So that the star of the picture is also the dish, you should make the foreground and background as blurred as possible. The best way is to limit the depth of field as much as possible around the main subject. To increase the dramatic statement of your picture, you should choose a small aperture, because then the background becomes blurred. With a little practice it works here too.

Tip 24
The big picture

Show what you have. When you have set the table with tablecloth, wine glasses and noble silver cutlery, take some atmospheric photos of it. It’s best to take the photos here from a distance so you can get the whole table in the picture, too. But detailed shots of a single place setting or the menu card also have a very atmospheric effect. To avoid disturbing reflections on glasses or cutlery, use natural light. If you have to use artificial light, bounce it off white walls or ceilings to minimize reflections.

The shot – models to bite on in action

Tip 25
Avoid boredom with close-ups

Especially rice, salad, risotto or pasta can quickly look boring on a photo. Dishes like these, which are defined by one component, are best photographed as close-ups. With a few highlights like pomegranate seeds or fresh herbs, they look appetizing when snapped this way.

Tip 26
Depict the dish in full or only in part?

It’s up to you. But also here applies that less is often more! Especially finger food or small compact dishes can be photographed better in their entirety. However, portioned food can also be photographed only in part. Give the dish in your picture room to unfold. And test the effect in advance with a few test photos. If you’re in a hurry and don’t have any suitable decorations at hand, you can simply take a few detailed photos of the finished meal.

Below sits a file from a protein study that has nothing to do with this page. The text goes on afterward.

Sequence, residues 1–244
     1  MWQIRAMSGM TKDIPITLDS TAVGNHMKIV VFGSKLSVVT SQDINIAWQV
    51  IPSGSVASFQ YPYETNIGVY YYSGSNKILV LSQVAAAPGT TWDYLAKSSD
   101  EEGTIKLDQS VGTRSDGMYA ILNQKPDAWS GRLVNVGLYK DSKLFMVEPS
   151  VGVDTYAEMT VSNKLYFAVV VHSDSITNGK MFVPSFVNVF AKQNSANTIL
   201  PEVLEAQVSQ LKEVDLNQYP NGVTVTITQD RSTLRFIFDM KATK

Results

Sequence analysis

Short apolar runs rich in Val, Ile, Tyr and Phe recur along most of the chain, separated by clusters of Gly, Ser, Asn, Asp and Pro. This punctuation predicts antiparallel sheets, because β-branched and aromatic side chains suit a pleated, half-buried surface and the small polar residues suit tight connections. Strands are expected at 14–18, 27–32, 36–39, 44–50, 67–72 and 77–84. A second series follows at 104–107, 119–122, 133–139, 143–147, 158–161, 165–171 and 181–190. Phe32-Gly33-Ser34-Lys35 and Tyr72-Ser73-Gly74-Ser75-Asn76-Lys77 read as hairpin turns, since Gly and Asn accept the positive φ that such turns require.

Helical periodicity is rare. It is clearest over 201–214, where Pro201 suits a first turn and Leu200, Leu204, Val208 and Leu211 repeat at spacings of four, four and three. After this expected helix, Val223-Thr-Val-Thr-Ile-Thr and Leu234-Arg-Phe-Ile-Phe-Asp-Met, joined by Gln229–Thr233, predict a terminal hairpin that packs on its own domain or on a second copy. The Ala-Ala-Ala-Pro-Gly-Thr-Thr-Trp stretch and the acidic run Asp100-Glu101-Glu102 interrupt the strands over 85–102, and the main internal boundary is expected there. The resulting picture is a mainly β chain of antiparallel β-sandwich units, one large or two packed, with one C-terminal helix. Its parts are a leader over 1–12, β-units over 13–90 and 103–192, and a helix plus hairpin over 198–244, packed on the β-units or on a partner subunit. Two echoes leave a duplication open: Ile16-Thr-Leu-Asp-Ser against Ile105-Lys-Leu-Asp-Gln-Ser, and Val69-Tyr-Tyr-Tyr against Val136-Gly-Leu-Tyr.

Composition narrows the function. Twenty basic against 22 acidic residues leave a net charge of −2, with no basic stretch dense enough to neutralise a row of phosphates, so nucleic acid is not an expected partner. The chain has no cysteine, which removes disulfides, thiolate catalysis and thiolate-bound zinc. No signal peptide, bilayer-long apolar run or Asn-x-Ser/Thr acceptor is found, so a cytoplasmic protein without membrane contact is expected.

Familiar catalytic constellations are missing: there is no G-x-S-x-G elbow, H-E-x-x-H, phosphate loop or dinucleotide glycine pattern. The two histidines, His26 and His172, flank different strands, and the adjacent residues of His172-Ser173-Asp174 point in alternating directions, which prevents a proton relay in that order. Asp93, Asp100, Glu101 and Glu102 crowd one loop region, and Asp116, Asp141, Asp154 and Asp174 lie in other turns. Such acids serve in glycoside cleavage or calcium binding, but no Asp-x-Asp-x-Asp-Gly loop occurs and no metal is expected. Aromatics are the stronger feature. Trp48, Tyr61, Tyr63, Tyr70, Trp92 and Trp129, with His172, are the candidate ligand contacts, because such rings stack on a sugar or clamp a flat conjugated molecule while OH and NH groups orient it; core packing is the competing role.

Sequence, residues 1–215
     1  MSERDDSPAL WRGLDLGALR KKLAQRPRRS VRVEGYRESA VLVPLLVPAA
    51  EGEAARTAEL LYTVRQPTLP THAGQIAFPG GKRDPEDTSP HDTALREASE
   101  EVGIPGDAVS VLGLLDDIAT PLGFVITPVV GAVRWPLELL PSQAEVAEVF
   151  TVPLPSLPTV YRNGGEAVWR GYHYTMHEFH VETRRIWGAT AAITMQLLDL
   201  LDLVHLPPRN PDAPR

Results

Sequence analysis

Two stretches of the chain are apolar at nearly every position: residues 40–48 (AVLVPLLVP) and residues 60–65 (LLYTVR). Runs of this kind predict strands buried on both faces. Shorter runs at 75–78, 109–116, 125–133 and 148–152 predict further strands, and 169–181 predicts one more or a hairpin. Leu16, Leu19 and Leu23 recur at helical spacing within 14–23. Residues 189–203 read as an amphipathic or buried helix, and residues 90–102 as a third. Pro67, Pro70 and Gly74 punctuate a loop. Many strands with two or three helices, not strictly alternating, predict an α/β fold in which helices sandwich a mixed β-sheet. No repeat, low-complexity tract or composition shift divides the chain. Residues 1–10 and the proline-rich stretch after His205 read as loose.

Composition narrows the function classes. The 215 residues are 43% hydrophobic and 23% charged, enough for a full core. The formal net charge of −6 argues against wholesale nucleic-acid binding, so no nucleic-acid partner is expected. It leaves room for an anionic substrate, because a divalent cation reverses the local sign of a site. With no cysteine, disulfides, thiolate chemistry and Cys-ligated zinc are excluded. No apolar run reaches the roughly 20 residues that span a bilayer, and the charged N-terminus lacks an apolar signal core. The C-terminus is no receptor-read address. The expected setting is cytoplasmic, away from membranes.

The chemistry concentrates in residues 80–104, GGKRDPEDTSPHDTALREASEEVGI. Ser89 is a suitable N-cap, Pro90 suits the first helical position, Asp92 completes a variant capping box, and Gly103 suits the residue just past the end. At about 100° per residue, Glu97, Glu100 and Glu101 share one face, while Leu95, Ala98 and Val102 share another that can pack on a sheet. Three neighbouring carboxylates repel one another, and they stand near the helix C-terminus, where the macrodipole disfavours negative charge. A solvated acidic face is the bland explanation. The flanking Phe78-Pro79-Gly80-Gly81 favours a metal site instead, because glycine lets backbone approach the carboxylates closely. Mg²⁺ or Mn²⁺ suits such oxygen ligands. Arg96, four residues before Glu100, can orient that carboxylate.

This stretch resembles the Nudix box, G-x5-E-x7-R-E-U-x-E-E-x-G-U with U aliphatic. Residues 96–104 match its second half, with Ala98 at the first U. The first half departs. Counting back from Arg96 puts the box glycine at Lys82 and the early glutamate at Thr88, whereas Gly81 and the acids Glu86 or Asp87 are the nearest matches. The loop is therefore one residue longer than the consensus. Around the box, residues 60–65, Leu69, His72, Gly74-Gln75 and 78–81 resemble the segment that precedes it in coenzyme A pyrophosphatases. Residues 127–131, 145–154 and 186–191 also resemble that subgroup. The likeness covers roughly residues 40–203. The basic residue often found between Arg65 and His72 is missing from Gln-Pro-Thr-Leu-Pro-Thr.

Tip 27
Landscape or portrait format?

The format you choose for your image is entirely up to you and your food. However, images in portrait format usually have a more dramatic impact.

Tip 28
Keep distance

The closer you get to the object of desire, the better the viewer will see the blemishes later on. Small blemishes do not make the Kuchlein less perfect, but photographed with a little distance they do not push themselves into the foreground.


Tip 27
Play with the ambience

What mood do you want to convey with your food photography?? Which style suits you best? Choose the right ambience for you! Or do you sometimes want to play with the different styles?. In our example you see the same dish in the modern as well as in Country style presents.Other styles include:

  • Asian
  • oriental
  • Brewhouse
  • u.v.m.

country house

Tip 28
The agony of choice

To find the perfect photo for your blog, take as many photos as possible. Take pictures from different perspectives, with different accessories and vary the camera and light settings. If you have a large selection of photos, you can pick out the perfect one. So get on the stove and camera!

Tip 29
Not perfect pictures are perfect!